Liberal Catholicism: It’s as if God doesn’t exist – or if he does, he has no real standards!

“Italy Hails Liberal Cardinal Martini, who wanted Catholic Church to Change.”
That was the headline from the Boston Globe, September 4, 2012, on the death of Cardinal Carlo Maria Martini. The world’s press was of one voice eulogizing the former Archbishop of Milan, once seen as Papal contender.
As is usually the case, the press loved Martini not for his attachment to the Catholic Faith of all time, but for his zest to challenge it.

The media praised Martini as an “open-minded thinker,” one who “struck an original note in Church affairs.”[1]

What were some of Martini’s radical ideas? In his last interview, which Martini asked to be published after his death, Martini said the Catholic Church is “200 years behind the times”. Martini further said, ”Our culture has grown old, our churches and our religious houses are big and empty, the bureaucratic apparatus of the Church grows, our rites and our dress are pompous.”

Martini encouraged opening up reception of the Eucharist for the divorced and remarried Catholics, counseling against what he called “discrimination.”[2] In the book Night Conversation with Cardinal Martini published in 2010, Martini insisted, “You can’t make God a Catholic God. God is beyond all the barriers and borders we create.”[3]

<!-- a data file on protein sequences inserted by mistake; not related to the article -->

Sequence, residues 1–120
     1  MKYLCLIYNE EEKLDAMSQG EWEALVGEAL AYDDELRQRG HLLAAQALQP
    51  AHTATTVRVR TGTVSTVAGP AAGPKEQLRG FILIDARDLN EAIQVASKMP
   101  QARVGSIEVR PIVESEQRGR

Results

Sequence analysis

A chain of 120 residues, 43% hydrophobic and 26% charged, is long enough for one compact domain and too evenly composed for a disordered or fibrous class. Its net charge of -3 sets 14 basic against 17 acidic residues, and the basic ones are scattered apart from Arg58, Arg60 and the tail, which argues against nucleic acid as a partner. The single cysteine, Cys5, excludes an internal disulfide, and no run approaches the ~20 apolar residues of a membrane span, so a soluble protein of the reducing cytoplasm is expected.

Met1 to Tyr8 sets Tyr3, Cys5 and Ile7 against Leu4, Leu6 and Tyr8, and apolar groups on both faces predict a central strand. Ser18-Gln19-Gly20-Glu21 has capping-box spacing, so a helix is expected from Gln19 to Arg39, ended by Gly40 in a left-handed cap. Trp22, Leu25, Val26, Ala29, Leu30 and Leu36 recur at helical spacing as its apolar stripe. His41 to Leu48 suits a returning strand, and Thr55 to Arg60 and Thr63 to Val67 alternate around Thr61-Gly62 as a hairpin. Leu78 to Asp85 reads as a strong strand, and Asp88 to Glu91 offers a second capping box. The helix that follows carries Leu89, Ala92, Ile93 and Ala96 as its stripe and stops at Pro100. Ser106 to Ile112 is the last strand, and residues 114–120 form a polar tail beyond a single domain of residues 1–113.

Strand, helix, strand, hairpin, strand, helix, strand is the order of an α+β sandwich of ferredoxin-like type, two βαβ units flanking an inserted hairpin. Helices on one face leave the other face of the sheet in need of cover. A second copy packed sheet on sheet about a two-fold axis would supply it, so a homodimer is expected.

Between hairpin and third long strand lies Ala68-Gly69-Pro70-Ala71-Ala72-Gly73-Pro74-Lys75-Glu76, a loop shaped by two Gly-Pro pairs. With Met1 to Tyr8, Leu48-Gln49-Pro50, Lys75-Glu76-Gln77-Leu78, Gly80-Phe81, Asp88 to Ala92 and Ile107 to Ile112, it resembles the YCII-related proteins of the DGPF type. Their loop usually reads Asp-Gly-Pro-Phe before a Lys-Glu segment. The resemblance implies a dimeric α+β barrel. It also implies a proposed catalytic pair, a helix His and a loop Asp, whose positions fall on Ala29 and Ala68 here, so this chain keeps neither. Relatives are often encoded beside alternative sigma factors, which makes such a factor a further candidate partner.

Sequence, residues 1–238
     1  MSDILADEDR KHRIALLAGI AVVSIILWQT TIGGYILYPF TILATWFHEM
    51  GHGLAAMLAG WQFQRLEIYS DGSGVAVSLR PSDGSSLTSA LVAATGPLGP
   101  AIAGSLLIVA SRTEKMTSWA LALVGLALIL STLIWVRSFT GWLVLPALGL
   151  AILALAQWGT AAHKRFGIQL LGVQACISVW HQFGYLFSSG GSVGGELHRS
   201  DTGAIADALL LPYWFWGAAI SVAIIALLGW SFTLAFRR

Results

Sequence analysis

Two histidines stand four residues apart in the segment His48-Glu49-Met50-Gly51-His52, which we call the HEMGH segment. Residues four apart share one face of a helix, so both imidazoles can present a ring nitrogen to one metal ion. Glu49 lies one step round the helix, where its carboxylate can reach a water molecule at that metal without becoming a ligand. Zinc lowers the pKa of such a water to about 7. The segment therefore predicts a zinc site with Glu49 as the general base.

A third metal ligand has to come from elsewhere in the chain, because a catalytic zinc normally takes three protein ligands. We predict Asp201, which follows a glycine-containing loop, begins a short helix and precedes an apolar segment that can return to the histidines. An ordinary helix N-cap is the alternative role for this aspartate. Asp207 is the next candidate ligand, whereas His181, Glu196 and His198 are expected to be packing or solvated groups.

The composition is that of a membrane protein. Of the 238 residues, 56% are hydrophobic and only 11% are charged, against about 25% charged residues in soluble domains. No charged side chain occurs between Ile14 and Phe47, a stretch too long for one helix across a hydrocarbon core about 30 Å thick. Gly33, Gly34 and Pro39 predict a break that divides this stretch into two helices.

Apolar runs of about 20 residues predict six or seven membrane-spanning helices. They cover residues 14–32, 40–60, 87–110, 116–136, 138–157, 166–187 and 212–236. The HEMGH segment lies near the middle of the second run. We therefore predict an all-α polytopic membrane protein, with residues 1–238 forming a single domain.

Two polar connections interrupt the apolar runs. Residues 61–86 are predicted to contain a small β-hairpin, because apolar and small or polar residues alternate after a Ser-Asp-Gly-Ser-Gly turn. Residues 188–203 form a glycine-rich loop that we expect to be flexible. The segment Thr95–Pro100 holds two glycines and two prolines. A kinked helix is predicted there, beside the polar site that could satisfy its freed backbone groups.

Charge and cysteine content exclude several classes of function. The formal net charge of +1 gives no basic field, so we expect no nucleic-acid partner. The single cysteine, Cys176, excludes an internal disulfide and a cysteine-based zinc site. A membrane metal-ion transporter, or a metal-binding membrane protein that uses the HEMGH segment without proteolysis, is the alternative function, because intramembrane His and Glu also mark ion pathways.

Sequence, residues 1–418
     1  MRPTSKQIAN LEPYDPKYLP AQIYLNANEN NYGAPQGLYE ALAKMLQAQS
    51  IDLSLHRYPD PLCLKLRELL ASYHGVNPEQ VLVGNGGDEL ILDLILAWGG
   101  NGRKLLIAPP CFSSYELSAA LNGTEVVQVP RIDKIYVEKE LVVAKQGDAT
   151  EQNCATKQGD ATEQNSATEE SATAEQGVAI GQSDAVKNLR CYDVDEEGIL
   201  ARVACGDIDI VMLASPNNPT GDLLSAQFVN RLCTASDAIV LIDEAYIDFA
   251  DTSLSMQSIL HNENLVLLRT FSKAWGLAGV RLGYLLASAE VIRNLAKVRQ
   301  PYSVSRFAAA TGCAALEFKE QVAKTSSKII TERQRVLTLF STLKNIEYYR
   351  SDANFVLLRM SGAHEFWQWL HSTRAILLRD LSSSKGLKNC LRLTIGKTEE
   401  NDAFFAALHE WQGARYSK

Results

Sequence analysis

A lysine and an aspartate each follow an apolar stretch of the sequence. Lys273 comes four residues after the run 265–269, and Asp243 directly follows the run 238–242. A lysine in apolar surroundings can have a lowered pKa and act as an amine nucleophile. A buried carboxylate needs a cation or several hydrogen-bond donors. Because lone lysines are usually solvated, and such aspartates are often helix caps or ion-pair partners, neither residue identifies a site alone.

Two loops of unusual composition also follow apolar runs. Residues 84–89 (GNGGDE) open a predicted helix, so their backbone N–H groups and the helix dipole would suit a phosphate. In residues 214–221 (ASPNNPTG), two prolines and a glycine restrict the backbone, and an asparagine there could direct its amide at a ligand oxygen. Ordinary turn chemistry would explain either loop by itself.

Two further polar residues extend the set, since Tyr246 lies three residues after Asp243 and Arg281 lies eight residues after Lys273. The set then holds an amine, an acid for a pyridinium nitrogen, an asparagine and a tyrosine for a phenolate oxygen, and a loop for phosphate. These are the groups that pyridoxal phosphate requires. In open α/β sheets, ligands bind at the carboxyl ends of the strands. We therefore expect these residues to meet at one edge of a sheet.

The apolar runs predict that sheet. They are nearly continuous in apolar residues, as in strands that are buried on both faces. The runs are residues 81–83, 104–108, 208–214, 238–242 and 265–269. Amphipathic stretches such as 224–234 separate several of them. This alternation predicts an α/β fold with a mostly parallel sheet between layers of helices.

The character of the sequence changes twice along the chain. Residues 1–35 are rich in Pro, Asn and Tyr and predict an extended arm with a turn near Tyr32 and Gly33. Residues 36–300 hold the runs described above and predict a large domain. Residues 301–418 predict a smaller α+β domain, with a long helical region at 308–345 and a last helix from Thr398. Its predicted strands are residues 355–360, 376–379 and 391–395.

In the same book, speaking of dialogue with non-Catholics, Cardinal Martini said that once you talk frankly with members of various other religions, “You will even be glad that the other person is a Protestant or Muslim”.[4]
Martini acknowledged the German and Austrian Bishops’ dissent from Humanae Vitae, as “pointing to a direction that we could promote today.”[5] Martini called for a more collegial and synodal approach to Church governance.[6] In 2007, “when the 16th Century Tridentine Mass was introduced as an option for Roman Catholic churches, Martini said he would refuse to celebrate it.”[7] Yet Pope Francis, on the first anniversary of the Cardinal’s death, publicly praised Martini as “a father for the whole Church”.

Francis went on to call Martini a “prophetic” figure, and “a man of discernment and peace”[8] Likewise in his infamous interview with La Repubblica’s atheist Editor Eugenio Scalfari, Francis spoke of Cardinal Martini as “someone who is very dear to me and also to you.”[9]

Optimistic commentators claim we must “read Francis through Benedict”. That may be true in part. It seems more accurate, however, to “read Francis through Martini,” since Francis seems to be following the progressive program outlined by the radical Italian Cardinal.

Read more at Catholic Family News

Submitted by Mark H.

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